It didn’t occur to me until later that I had never heard someone say that about my body. Not me, not any of my former partners, no one. I never considered that my body was anything other than barely tolerable, and certainly not worthy of admiration. I spent my past relationships trying to shrink myself physically and emotionally in a futile attempt to earn the type of love I never knew I needed. Yet here I was receiving affection and love without having to justify my desire to be loved unconditionally, with the condition of I’ll go to the gym tomorrow.
What does unconditional love look like?
1. Unfettered acceptance, not conditional tolerance.
We all go through the phase in relationships where everything is new and we want our partner to see us looking our best—all the time. But living up to those standards every day when we also must juggle work, household responsibilities, and other obligations is impossible. We all deserve to be accepted in the moments in-between the days when we look and feel our best, when we haven’t showered all day, and break down from the responsibilities that are piling up around us.
2. Our partners are turning in, not away from us.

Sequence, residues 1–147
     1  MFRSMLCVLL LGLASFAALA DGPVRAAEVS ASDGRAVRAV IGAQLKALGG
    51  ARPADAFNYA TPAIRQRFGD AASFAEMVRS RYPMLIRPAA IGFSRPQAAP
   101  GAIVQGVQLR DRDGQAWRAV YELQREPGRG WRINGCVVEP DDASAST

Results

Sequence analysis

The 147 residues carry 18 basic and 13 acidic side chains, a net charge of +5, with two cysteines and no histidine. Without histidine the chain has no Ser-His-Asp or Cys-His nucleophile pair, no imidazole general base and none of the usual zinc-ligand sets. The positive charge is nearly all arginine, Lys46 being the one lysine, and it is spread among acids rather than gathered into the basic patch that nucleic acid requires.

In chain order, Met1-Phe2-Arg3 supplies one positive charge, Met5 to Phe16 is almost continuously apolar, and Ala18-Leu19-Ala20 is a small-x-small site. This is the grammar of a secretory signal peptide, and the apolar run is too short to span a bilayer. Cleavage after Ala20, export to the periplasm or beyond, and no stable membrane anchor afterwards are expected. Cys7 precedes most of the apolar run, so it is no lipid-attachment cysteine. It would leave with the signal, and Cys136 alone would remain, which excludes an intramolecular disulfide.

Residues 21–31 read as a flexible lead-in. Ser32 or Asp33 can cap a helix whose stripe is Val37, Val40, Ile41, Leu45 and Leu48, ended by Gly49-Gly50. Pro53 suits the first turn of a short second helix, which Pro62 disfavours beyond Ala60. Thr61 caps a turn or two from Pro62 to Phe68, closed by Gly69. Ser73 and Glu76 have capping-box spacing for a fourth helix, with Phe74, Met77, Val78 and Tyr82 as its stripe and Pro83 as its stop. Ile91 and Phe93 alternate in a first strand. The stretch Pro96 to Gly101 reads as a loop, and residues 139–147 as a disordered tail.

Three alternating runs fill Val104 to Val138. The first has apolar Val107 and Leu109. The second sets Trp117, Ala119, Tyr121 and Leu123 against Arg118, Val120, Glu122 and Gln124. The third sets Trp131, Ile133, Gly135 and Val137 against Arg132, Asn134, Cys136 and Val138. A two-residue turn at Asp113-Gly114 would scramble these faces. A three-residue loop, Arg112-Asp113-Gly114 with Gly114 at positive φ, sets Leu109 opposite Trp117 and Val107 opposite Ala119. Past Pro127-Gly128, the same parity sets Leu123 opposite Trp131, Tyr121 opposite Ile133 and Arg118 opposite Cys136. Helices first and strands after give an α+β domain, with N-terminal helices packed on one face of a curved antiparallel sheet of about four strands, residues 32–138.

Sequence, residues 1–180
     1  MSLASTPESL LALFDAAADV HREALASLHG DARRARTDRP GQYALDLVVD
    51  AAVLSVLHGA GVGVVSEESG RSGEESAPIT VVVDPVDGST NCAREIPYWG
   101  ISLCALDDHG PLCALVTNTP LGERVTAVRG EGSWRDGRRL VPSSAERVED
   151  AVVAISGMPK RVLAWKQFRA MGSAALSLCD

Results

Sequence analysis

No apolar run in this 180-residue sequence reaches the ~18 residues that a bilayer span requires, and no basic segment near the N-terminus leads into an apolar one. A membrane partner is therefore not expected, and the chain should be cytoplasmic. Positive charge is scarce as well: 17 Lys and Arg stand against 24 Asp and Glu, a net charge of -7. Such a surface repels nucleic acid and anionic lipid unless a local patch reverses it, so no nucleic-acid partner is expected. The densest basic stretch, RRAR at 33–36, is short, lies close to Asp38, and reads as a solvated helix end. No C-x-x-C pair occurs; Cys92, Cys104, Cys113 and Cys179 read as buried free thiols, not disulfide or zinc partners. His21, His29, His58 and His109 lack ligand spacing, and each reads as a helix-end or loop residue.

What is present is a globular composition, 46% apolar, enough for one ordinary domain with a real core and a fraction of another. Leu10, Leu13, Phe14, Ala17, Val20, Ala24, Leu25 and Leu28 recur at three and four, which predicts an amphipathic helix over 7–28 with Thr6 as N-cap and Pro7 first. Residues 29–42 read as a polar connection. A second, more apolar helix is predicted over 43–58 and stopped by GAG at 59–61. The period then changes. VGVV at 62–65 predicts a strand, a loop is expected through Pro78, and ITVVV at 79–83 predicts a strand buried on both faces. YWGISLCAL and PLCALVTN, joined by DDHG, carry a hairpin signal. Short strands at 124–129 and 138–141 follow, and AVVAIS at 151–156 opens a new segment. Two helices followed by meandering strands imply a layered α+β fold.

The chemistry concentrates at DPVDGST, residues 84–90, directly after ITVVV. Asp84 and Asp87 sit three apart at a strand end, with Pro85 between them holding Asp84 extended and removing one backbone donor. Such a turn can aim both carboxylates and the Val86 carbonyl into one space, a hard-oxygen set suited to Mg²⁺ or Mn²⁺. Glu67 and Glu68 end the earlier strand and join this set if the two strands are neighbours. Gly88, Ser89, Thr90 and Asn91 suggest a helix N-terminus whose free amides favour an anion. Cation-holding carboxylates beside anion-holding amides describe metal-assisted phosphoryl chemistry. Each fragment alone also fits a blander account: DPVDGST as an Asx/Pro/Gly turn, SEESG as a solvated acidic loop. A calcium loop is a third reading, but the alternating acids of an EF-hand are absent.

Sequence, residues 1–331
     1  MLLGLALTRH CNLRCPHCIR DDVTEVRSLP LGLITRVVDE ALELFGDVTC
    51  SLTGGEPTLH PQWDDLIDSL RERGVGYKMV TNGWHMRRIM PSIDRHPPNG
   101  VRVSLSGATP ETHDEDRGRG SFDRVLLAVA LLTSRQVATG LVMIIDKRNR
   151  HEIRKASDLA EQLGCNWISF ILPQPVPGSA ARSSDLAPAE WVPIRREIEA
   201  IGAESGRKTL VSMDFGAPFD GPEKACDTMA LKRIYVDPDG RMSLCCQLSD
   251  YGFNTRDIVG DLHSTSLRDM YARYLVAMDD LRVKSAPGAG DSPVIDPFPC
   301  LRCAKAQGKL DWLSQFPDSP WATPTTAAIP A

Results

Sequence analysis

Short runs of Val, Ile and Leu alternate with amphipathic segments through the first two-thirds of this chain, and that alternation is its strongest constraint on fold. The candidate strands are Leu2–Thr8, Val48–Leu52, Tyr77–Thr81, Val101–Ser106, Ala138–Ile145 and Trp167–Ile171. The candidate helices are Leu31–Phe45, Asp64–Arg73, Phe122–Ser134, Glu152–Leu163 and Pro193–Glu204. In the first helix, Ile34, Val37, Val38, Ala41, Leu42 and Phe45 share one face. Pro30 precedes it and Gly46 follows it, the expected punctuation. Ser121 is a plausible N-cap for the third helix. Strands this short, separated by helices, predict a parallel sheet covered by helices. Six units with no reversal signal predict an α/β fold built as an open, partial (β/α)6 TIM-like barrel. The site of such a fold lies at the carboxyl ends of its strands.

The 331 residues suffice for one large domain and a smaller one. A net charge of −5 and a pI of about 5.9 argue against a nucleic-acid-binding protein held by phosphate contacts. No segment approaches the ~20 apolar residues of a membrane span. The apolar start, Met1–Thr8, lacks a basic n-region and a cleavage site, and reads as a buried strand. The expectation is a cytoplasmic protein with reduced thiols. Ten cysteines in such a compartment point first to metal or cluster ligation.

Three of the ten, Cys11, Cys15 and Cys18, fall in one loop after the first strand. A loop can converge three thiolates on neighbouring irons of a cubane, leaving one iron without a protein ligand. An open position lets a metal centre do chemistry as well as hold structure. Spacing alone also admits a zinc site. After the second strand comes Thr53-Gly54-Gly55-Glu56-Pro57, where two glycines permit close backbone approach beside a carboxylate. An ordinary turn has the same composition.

When we simply have too much on our plates or are having a bad day, what is our partner’s next move? Do they ask how they can support and help us, or do they expect us to carry the weight of these burdens alone and circle back when we are in a better place? Are we extending the same considerations to them?
Some individuals thrive on their independence and want their partners to support them from a distance, but others, like myself, need a partner who is actively engaged in the relationship and is always looking for ways to demonstrate their commitment to our union through loving support. It is the difference between accepting challenges that arise within our partnership as shared or individual responsibilities.
3. Our limitations are accepted, but our boundaries are not pushed.